I had the opportunity to talk with Dr. Stephen C. Meyer by phone on Monday, January 11, about his powerful recent book Signature in the Cell: DNA and the Evidence for Intelligent Design. The book’s main argument, if I may be so bold as to summarize 600+ pages into one sentence, is that (1) materialist explanations (involving only natural processes) for the information present in the first life have never been found and are nowhere on the horizon, (2) that information is known to come from one source and one only, which is mind, (3) that mind is therefore the best explanation for that information, and (4) it is artificial and arbitrary to rule out mind as an explanation.
My first question to Dr. Meyer was something I don’t think I have seen discussed by ID proponents. ID opponents talk about it frequently but usually not in any satisfying way. The question was, “for those of us who are not specialists in the technical fields under discussion—biochemistry, biology, and even geology and cosmology which are not the topics of this book—is it reasonable for us to come to any conclusion on these questions? Can we know enough to make an informed decision of our own?”
ID opponents’ typical answer is, “There is no controversy, so there is no question. Why are you even asking?” For his answer, Dr. Meyer focused just on the origin of life and the information that it must have contained and expressed. The scientific facts are presented in the book for those who want to dive into them. For those who are not so equipped or inclined, the key point is that the basic facts are not in dispute: materialistic explanations are not working—at all—nor are there any prospects that they will in the foreseeable future. So the question is not whether there is or is not some materialistic explanation to be compared with proposed Design explanations. The question is whether one is allowed to entertain Design as an explanation; and if not, then why not?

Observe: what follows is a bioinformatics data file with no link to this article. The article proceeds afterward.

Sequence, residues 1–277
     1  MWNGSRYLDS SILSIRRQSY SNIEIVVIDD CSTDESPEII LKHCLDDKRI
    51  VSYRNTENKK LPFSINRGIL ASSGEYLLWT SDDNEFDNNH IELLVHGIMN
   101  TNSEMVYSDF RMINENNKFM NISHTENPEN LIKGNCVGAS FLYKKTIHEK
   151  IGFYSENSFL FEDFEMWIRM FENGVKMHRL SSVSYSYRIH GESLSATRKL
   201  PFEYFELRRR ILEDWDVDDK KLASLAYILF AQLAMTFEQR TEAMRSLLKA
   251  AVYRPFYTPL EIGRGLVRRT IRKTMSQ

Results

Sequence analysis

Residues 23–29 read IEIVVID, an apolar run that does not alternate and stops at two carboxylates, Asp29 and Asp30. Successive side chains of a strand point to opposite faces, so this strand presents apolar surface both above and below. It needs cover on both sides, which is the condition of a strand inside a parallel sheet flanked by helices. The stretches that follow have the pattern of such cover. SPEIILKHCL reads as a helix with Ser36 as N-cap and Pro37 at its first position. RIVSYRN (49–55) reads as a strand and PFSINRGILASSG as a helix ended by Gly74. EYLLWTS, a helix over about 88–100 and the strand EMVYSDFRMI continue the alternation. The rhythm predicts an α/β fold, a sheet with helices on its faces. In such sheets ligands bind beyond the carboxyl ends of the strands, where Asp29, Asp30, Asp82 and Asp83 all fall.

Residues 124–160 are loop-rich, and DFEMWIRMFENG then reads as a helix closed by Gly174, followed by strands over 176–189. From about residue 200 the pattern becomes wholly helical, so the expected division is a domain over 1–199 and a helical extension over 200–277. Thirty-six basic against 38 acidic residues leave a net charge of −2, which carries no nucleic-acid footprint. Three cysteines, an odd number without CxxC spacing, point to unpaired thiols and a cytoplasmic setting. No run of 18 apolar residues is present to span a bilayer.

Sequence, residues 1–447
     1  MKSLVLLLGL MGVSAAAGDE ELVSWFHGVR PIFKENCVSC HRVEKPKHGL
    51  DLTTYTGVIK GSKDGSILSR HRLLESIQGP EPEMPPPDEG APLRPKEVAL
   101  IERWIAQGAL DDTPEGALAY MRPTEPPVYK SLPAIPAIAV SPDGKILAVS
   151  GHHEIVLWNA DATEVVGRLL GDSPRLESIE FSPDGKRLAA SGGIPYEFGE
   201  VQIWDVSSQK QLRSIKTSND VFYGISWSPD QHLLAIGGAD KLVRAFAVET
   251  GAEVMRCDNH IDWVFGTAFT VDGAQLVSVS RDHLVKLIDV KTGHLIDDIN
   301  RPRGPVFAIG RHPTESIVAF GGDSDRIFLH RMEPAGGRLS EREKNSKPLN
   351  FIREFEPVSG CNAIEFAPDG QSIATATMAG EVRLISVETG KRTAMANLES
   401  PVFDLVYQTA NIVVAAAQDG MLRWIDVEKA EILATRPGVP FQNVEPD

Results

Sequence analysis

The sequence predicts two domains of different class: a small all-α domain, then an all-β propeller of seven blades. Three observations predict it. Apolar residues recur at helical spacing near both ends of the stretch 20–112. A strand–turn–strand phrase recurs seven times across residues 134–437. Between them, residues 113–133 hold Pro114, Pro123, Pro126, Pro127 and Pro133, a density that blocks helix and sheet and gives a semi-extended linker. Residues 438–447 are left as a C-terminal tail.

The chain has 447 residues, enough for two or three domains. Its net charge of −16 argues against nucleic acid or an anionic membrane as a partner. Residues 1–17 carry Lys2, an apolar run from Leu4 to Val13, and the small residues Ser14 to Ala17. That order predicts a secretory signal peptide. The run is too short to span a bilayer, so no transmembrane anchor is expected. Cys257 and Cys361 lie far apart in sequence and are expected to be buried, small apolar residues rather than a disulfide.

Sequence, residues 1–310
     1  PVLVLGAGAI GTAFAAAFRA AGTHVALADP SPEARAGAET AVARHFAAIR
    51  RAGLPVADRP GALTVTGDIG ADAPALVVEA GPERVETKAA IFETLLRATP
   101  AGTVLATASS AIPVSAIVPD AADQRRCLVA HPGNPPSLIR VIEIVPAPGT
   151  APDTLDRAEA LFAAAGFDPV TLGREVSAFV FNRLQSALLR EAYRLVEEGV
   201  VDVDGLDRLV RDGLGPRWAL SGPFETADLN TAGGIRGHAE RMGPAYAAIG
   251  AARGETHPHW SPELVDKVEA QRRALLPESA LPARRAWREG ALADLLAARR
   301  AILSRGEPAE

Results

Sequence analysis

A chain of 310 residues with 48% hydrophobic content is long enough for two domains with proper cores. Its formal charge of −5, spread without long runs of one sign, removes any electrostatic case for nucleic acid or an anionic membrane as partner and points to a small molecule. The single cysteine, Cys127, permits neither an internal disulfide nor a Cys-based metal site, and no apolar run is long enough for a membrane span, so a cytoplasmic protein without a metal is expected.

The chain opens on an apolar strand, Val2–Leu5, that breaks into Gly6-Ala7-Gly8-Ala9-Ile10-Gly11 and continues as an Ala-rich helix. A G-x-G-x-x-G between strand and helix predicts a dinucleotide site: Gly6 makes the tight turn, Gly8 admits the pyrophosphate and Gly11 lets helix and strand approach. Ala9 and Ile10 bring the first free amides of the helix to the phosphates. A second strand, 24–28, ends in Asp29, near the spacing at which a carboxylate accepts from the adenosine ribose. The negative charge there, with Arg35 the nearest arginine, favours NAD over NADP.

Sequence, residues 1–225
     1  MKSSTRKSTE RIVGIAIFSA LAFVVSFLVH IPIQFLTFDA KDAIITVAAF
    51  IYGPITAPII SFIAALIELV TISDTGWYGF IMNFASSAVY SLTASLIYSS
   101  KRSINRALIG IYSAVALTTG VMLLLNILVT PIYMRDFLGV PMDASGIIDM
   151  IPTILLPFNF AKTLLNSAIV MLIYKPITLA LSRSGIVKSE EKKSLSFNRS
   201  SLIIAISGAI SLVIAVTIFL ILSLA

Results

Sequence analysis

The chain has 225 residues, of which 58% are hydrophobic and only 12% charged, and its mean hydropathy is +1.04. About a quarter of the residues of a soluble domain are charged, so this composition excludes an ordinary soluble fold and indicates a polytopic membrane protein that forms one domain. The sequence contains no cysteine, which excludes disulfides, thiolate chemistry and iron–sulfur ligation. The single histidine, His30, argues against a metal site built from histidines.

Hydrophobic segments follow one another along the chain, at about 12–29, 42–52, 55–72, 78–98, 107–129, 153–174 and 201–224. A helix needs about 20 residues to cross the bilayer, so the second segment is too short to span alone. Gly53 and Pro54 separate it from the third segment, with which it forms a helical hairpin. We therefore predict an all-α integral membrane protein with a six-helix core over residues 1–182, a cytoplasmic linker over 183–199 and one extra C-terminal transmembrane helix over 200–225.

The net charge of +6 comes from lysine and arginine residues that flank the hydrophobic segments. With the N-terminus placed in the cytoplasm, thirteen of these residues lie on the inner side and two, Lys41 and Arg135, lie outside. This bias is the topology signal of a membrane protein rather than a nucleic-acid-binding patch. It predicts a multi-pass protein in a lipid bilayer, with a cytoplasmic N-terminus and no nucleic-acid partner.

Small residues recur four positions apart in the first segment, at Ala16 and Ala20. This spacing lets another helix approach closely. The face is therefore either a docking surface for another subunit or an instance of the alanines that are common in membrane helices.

Scientific rejoinders to this argument have been few, and none of them have addressed the core argument of the book: the origin of the first functional biological information. Not that there haven’t been negative reviews, but that they have lacked substance where it counts most. One of the better ones, by Darrell Falk at Biologos, touches on miniscule details and not on the fundamental point Meyer is making. Another review there, by the very eminent biologist Francisco Ayala, is much more theological in nature than scientific, and weak at that, in my view.
Reviews at Amazon, as I have already analyzed and reported (and discussed in the interview), turn the usual complaints against ID upside down: it is the negative reviewers, the ID antagonists, who have displayed dogmatic theological anti-intellectualism.
Meyer is not an experimentalist. Is his argument therefore not science? He offers two answers: one, does it matter if it’s science if it’s the best explanation? And two, if his is not science on that basis, then ID opponents will be embarrassed to find out who else they have thereby declared to be non-scientists. I suggest you read the book (especially Chapter 4-6 and thereabouts) to find out who; but you can hear the short answer in this podcast interview.
More than six months after its publication, it’s hard to find any effective scientific response against it. One Amazon reviewer called this book a “game-changer.” Time will tell if that’s going to be the case or not. But I have a strong feeling that if you don’t read this book, you’re not even going to know what the score is.
(The content of the podcast is copyright 2010 by the participants. I edited my portion of the conversation to improve my sometimes slow conversational pace and upgrade your listening experience. Dr. Meyer did not need that kind of help.)
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